For years, I’ve heard it repeated that the theory of evolution is a religion, for it is argued that one must accept evolution by means of faith, specifically by a kind of “blind faith” as there is no evidence that evolution is true. Well, I would like to explore this matter further, because, while I may agree with the premise of saying that evolution is a religious concept, I would like to see further evidence from the perspective of evolutionists that would demonstrate whether there is any truth to the idea that evolution is religious, and not merely a “strawman argument” from creationists.
Today, most people associate the beginnings of the theory of evolution with Charles Darwin and the year 1859. While Darwin is most significant in the storyline of the theory, the viewpoint of evolution is actually much older, having its roots in ancient religions; yes, religions.
In a Babylonian religious document (Akkadian Cuneiform), called “Enuma Elis”, written around the 14th-12th Century B.C., is a teaching about the creation of the world. The ancient account tells how the earth developed from chaos, and how it materialized and produced primitive life forms, and ultimately came humankind. While the Babylonian view certainly contains an array of gods and goddesses within the account, there is still a striking resemblance to the modern view of evolution.
The Greeks certainly expanded on the idea of evolution. The paleoanthropologist, Hanry Osborn, wrote, “When I began the search for anticipations of the evolutionary theory, I was led back to the Greek natural philosophers and I was astonished to find how many of the pronounced and basic features of the Darwinian theory were anticipated even as far back as the seventh century B.C.”. Let’s see for ourselves what the Ancient Greeks had to say. Anaximander (611-547 B.C.), taught that man evolved from aquatic creatures, saying “the first animals were generated in the moisture, and were enclosed with spiny barks. As they grew older, they migrated onto the drier land; and once their bark was split and shed, they survived for a short time in the new mode of existence”. Another Greek, Empedocles (490-430 B.C.), believed that the world originally contained creatures, each with every possible combination of limbs and organs; eventually, nature narrowed out all assemblages that were not needed from each creature. Everyone has heard of Aristotle (384-322 B.C.); he was another who taught a theory almost identical to evolution. Notice how he described the formation of our teeth: “our teeth should come up of necessity–the front teeth sharp, fitted for tearing, the molars broad and useful for grinding down the food, since they did not arise for this end, but it was merely a coincident result. Wherever then all the parts came about just what they would have been if they had come to be for an end, such things survived, being organized spontaneously in a fitting way; whereas those which grew otherwise perished and continue to perish.” Then, in the 1st Century B.C., the Greeks continued to affirm Anaximander view of evolution, as stated by the Greek historian Diodoros. However, the Romans held closer to Aristotle’s theory of evolution, as seen in one of their poets, Lucretius, who wrote about the evolution of man from mutant monsters.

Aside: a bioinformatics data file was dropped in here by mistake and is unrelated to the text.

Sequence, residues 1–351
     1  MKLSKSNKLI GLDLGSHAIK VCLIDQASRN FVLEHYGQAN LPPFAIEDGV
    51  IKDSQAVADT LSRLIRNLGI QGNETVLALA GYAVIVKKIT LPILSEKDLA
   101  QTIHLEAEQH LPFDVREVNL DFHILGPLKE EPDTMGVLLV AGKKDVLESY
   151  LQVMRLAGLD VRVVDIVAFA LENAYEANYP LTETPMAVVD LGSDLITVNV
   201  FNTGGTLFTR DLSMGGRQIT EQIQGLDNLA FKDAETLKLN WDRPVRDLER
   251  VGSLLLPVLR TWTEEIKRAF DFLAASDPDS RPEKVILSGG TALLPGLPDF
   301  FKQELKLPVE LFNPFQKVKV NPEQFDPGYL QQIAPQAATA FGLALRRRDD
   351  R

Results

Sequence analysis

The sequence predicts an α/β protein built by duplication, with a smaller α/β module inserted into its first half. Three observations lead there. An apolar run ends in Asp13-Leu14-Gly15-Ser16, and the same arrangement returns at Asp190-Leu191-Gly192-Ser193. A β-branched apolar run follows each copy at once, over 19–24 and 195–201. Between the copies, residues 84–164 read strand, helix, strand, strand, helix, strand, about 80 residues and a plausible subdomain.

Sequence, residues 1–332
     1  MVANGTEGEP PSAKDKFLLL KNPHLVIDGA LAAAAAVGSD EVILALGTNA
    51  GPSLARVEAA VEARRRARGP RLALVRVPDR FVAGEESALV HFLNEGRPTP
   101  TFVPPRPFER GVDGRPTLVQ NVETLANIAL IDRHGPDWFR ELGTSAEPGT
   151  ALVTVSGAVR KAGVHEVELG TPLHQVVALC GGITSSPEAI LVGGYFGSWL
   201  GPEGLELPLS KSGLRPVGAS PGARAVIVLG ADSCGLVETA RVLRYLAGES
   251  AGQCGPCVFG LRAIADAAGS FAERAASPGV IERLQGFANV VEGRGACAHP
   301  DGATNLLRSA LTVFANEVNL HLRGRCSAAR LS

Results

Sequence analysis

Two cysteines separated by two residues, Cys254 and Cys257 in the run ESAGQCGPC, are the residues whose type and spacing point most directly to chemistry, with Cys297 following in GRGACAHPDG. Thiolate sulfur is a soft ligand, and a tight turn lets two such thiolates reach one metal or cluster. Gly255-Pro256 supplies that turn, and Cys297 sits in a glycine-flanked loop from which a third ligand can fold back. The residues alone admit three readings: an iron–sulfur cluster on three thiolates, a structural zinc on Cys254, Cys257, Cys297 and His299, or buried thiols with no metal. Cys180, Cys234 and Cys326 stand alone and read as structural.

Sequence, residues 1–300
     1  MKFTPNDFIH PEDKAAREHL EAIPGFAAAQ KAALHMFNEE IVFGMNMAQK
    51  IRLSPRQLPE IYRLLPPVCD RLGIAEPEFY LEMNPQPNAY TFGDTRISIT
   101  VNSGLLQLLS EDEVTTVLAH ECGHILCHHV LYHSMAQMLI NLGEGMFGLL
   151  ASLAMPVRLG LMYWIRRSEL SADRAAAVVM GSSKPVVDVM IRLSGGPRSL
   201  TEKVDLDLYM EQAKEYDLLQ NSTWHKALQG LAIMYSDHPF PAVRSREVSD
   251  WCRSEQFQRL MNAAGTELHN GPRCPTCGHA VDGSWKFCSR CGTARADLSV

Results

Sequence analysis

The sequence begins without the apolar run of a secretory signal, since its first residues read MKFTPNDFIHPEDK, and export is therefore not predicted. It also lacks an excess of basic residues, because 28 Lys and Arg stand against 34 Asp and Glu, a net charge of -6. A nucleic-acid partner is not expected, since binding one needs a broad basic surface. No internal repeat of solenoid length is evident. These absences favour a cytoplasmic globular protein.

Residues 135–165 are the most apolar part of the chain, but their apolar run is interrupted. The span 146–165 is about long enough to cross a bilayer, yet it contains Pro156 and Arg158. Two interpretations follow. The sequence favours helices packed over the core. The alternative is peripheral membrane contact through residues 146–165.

Thus, even though Darwin is the star of the show, evolution at its core has come down through history from ancient pagan religious beliefs. Ernest L. Abel, who wrote the book “Ancient Views on the Origin of Life”, stated, “The belief that life had its origins in a single substance is so widespread among the various peoples of the world, primitive or civilized, that it can be considered one of the few universal themes in the history of ideas.” Thus evolution is not science. Evolution was never based on science or scientific facts, it is, however, based on the ancient imaginations of men. What is seen in the realm of science today is an attempt to force scientific observations into the set paradigm of evolution. This is what Darwin is famous for, and many continue in his footsteps today.
Michael Ruse wrote in the periodical “New Scientist”: “An increasing number of scientists, most particularly a growing number of evolutionists, argue that Darwinian evolutionary theory is no genuine scientific theory at all. Many of the critics have the highest intellectual credentials.” Further, the highly qualified physicist and mathematician, Wolfgang Smith, concluded that evolution “is totally bereft of scientific sanction. There exists to this day not a shred of bona fide scientific evidence in support of the thesis that macroevolutionary transformations have ever occurred.” So then, what is the only possible conclusion concerning evolution? Is it a religion or is it science?
Paleontologist Colin Patterson of the British Museum of Natural History is quoted in a BBC article, saying, “Just as pre-Darwinian biology was carried out by people whose faith was in the Creator and His plan, post-Darwinian biology is being carried out by people whose faith is in, almost, the deity of Darwin. They’ve seen their task as to elaborate his theory and to fill the gaps in it. But it seems to me that the theoretical framework has very little impact on the actual progress of the work in biological research. In a way, some aspects of Darwinism and of Neo-Darwinism seem to me to have held back the progress of science.”
It is important, before debating Creation vs. Evolution, no matter which side one is on, to recognize that this is not a debate of Science vs. Religion, it is rather a debate of religion vs. religion. Which religion is telling the truth? Did all creative things now seen in existence come about from a chaotic origin of disorder? Or is it true that everything that is designed must have a designer. I hope to further address this in future articles, Lord willing.